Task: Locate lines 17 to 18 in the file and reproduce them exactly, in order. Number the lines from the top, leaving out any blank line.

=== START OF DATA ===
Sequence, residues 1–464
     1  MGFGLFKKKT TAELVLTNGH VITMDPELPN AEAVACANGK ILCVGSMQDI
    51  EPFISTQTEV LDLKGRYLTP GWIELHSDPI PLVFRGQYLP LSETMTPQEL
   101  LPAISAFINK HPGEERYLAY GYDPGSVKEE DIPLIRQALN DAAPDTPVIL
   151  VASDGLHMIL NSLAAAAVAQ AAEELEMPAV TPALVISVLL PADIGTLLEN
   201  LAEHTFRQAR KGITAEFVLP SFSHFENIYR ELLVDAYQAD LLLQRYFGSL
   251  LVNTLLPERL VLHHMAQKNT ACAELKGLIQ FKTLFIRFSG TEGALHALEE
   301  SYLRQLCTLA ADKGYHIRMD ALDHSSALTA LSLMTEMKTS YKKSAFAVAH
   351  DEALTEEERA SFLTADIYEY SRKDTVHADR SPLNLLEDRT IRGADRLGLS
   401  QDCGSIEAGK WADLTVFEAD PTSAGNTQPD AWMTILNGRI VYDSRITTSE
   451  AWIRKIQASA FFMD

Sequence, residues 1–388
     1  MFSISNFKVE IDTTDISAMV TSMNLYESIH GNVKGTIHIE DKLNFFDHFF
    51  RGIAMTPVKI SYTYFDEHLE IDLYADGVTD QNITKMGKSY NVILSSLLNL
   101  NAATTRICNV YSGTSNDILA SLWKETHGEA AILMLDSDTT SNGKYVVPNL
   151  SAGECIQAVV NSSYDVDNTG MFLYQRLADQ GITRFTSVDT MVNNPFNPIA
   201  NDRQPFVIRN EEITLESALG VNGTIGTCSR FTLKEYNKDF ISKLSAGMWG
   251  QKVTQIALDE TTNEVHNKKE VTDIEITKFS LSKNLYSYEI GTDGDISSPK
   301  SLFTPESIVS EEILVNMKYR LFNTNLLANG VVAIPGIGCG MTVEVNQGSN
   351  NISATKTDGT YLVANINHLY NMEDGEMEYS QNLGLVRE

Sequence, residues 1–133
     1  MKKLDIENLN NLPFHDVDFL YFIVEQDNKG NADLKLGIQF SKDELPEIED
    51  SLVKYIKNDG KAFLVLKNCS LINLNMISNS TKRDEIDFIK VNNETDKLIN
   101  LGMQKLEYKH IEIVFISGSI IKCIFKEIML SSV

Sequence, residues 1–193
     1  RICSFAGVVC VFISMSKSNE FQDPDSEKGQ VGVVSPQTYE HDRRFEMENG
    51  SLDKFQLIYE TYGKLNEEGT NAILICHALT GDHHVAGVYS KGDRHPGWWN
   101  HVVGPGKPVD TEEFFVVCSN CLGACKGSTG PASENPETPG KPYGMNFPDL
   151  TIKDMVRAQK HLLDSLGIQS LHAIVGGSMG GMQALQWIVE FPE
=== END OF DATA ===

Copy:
   201  NDRQPFVIRN EEITLESALG VNGTIGTCSR FTLKEYNKDF ISKLSAGMWG
   251  QKVTQIALDE TTNEVHNKKE VTDIEITKFS LSKNLYSYEI GTDGDISSPK